We generally feed about 3# of cottonseed cake (it’s cheaper per pound of protein) per adult head every couple of days. We’ll give them a bigger ration or feed an extra day when bad weather is on the way. IMO the next best thing is syrup. It’s free choice and lasts longer so the hogs can’t wolf it all down. It’s still more expensive than cake but works nicely if you can’t check your cows every couple of days. Cake is still the cheapest (in this area) and best to keep them in the habit of coming up and “falling in for inspection.”

Craig-TX
 
A

Anonymous

Guest
How does the liquid work in sub-freezing temps? Or don't you get enough of the cold stuff to be able to tell?

dun

> If you still have grass, cake or
> cubes every other day will make
> them go eat it. They love the
> chocolate but want some salad to
> go with it afterwards. No reason
> to feed hay if grass is still
> standing, just don’t let them
> graze it to the point of harm.
> Once they work it down you need to
> start putting hay out. Use their
> condition and the condition of you
> grass as a guide.

> Round bales are easier to feed but
> harder to regulate. All those
> years before round bales our
> practice was to not feed more than
> they would eat at one time. If
> they didn’t clean it up they were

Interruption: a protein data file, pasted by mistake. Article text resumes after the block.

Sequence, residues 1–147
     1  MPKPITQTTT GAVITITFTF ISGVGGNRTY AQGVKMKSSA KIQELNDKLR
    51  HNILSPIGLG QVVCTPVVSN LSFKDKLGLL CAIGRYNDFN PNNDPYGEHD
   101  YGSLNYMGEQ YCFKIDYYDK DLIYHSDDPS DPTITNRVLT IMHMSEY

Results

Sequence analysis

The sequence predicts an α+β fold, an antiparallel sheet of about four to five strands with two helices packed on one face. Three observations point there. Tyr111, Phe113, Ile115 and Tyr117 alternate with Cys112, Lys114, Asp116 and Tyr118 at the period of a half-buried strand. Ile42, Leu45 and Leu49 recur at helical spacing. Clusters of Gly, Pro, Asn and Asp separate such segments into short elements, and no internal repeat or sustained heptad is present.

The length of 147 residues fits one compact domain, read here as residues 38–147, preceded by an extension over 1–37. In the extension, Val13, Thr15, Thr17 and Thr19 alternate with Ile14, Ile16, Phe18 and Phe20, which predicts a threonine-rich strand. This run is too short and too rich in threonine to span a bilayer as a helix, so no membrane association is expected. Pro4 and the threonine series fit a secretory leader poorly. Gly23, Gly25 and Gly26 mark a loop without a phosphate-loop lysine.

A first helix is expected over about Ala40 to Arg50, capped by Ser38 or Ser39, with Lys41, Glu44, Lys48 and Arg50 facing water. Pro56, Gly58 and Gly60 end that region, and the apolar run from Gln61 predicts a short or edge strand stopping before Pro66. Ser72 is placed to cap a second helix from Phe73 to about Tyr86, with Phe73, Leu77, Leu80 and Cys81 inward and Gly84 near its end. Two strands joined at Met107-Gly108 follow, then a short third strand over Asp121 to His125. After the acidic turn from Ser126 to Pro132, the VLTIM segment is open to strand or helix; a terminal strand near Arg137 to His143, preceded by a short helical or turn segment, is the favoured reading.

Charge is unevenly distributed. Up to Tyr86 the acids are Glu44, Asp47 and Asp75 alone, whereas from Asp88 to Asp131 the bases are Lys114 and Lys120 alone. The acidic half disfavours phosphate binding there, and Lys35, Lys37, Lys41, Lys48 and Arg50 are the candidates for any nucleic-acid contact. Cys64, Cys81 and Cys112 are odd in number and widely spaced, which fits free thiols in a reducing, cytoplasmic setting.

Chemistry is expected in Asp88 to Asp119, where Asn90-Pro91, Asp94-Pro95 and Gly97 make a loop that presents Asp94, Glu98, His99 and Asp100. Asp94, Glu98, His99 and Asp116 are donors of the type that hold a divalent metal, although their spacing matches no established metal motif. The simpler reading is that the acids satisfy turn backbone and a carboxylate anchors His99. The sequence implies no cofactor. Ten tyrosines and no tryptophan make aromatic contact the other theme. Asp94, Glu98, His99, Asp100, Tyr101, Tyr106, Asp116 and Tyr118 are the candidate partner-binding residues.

> getting too much. With round bales
> there is a little more waste but
> they should still get it eaten up
> pretty good before you put out
> more bales. Again, the cake will
> make them eat lots of things when
> they would otherwise turn their
> noses up.

> We generally feed about 3# of
> cottonseed cake (it’s cheaper per
> pound of protein) per adult head
> every couple of days. We’ll give
> them a bigger ration or feed an
> extra day when bad weather is on
> the way. IMO the next best thing
> is syrup. It’s free choice and
> lasts longer so the hogs can’t
> wolf it all down. It’s still more
> expensive than cake but works
> nicely if you can’t check your
> cows every couple of days. Cake is
> still the cheapest (in this area)
> and best to keep them in the habit
> of coming up and “falling in for
> inspection.”

> Craig-TX



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A

Anonymous

Guest
Good question and I don’t know. We’ll get below freezing on a lot of nights but it’s rare to go more than two or three days and never get above 32. I’ve noticed that it gets thicker in cold weather but I don’t know what the freezing point of the syrup is. The only problems I remember is when an ice storm would freeze the wheels, but that was due to ice on top of the feeder – not the actual syrup freezing.

Craig-TX